I’ve been on an other nostalgia trip. Ron and I were in Fort Worth and drove to Polytechnic — Poly — where I spent my childhood.
We drove by the junior high we both attended. Then across the street where my elementary school was. Now it is nothing more than a huge lot of bare ground. My church across the street met the same fate: It all has been torn down. Texas Wesleyan University needed more room for dormitories.
Two blocks farther was where the shopping center across the street from the campus used to be. There was a drugstore with bar stools at the counter where the high school guys worked part time making ice cream sodas, vanilla cokes and other drinks. I felt really silly one time when two friends and I all shared one coke, but with three straws.
There was Ashburn’s Ice Cream, where a single cone cost five cents. Next was the 5 & 10, where we really could buy things for as little as five cents. A department store was next, then the music store that sold instruments as well as sheet music. There was a hardware store, a Safeway grocers, then a U.S. post office on the corner.
Out in front of the post office, there was a huge steel box with a pull-down letter slot. On the side of the box, facing oncoming pedestrians, was a life-size picture of Uncle Sam with his finger pointed at you, saying “I need you.”
Across the street from the drugstore was a cleaners where one can still take clothes to be dry cleaned. Houses lined the street further on for two blocks where we turned right and walked one block to my grandparent’s house. They were Missie and Daddy Oscar.
Missie had let the chickens into the backyard and there was Pete, the rooster. He was mean and always chased and pecked my sister and me if we couldn’t get away from him fast enough. One morning before church, Missie called to tell us to come by afterward and we’d have dinner (lunch was always called dinner. The evening meal was supper.) We didn’t have just chicken and dumplings, we had Pete and dumplings.
Two girls and their parents lived next door to Missie and Daddy Oscar. Nancy, the older one, and I were friends. Many twilight nights we sat on her front sidewalk playing jacks. Sometimes we played hide-and-seek when it was almost dark. Other times we played hopscotch or Simon Says. We rode our scooters or wagons on the sidewalk, or read from Nancy’s extensive collection of comic books.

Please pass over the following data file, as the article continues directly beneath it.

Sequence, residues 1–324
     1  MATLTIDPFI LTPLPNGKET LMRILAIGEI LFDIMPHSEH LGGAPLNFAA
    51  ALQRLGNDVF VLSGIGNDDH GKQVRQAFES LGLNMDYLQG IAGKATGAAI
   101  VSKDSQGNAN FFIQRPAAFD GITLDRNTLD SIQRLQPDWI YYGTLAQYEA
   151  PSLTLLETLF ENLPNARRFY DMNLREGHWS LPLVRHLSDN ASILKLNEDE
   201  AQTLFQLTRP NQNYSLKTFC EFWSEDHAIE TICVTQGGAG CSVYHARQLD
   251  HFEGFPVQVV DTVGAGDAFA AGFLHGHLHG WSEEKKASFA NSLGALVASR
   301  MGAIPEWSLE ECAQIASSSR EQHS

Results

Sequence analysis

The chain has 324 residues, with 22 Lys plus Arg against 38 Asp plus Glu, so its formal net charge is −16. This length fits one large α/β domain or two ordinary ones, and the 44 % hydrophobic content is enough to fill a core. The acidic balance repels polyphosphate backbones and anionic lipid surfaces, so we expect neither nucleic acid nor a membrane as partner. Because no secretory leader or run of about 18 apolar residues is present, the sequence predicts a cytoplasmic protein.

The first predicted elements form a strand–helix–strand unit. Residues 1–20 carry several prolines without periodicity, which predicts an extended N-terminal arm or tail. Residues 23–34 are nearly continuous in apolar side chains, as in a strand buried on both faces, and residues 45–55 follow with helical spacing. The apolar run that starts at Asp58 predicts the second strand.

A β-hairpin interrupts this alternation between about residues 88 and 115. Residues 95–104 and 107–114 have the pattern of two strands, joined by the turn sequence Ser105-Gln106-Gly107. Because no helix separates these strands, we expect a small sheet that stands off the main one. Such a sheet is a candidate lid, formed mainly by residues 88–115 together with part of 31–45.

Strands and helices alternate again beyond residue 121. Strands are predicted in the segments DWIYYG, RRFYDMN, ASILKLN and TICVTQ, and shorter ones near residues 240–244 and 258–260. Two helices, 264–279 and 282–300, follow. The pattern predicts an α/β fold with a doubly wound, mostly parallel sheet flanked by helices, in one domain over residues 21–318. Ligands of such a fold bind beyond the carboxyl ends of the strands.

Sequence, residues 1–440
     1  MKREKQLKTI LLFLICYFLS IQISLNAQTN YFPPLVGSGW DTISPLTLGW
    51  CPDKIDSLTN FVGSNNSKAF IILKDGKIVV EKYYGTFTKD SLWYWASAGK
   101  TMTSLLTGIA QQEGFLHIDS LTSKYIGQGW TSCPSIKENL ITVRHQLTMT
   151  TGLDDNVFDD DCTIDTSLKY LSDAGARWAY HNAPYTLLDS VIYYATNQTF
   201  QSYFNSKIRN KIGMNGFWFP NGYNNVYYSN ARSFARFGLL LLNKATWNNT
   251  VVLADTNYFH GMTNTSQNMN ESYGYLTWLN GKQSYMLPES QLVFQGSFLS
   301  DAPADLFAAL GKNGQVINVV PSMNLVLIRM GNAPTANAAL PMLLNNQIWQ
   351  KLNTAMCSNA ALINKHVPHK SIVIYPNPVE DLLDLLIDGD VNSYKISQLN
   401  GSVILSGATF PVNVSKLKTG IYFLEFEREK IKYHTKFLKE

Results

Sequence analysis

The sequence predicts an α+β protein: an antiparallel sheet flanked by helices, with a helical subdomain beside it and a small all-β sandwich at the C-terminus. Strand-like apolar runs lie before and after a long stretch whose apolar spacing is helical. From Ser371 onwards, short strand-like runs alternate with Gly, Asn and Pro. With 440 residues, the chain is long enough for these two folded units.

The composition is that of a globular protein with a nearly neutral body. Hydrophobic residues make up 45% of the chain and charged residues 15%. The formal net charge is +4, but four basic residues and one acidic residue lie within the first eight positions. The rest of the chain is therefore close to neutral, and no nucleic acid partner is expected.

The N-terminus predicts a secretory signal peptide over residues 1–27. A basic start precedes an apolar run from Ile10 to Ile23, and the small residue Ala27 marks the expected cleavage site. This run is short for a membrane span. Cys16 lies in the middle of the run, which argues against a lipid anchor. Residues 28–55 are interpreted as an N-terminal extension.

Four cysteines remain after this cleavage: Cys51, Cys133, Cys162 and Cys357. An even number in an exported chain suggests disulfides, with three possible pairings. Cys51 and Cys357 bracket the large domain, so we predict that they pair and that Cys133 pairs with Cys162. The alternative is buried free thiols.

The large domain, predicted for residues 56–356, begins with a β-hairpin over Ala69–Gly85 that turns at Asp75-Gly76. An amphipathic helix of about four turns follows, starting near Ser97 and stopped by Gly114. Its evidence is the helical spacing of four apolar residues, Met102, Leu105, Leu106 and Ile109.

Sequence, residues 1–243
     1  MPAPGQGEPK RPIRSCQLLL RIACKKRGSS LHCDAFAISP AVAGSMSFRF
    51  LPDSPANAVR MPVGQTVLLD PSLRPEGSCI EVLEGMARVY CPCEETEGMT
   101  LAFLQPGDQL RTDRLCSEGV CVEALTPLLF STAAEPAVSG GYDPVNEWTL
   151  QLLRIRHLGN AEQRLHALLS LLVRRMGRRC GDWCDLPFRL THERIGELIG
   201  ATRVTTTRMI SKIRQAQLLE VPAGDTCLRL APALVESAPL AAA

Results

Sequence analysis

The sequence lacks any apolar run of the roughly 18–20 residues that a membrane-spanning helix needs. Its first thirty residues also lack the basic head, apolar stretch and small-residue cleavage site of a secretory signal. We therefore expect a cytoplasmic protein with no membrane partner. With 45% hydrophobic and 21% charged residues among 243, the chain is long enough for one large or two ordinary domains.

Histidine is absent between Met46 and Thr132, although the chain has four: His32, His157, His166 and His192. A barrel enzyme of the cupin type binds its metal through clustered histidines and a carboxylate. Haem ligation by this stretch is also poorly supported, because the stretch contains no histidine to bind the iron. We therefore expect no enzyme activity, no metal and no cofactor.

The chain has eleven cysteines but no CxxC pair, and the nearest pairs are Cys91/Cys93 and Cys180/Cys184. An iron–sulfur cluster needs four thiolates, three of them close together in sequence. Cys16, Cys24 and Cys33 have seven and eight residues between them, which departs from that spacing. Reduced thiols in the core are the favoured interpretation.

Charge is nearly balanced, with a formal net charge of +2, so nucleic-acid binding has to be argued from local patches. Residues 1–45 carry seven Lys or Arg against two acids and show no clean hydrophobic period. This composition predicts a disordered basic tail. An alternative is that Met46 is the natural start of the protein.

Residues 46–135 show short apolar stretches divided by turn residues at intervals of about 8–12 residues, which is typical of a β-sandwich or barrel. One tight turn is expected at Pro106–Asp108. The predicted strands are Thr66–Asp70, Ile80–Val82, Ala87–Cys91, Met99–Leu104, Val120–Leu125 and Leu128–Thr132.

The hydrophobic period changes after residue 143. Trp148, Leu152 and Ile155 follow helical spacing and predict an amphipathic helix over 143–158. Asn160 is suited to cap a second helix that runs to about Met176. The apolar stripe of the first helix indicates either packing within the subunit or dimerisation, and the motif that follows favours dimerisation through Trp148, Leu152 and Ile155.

There was no television until I was 9 yeas old. There was no cell phone; only the one with a dial and separate receiver. We never lacked for a way to play and stay busy.
From Missie’s house it was another two blocks to our house, where I lived with my parents and younger sister. On the way I passed an old gray house where two elderly sisters had lived for what seemed forever. They were schoolteachers and I had one in the sixth grade and the other in junior high. We kids thought their house was haunted.
Our house was a red brick two-story with trees in front and back. Now, it is a bright coral. The trees are gone, including the pecan tree in the back.
There were no friends close by, so I spent my spare time reading. A library was three blocks away so I never was without a good supply of reading material. I especially remember “The Hardy Boys” and a similar book with girls. During the hot summer months, I would lie on the couch in the living room and read. Mother kept telling me to get outside. I did. But I climbed the pecan tree, lay down on the only horizontal branch and read my book.
As you might imagine, the entire area has changed. Old houses are gone, new houses in their places, friends long moved away. But the memories are still there of a time when life was not complicated, friends were really friends, local crime was almost unheard of. All my friends went to church, as did their parents. The parents met often to play 42 (a domino game), drink gallons of coffee and enjoy their time together before it was time to pick up us kids at the movie house.
It has been a real adjustment for many of us senior citizens in more ways than one. First, there are the physical problems many of us have. There is the longing for a time when most people respected and helped each other. If a person knocked at the door, we didn’t have to check them out first to make sure there was no danger. We didn’t have to be afraid of guns and wanton killing. Our ears weren’t assaulted with curses.
I’m not saying none of this happened. It did, but not usually where we lived, shopped or worshiped.
Truthfully, I am concerned for my younger grandchildren and my great-grandchildren. Their parents have a hard job ahead of them to rear them to be kind, courteous adults. Maybe they can find an old person to help.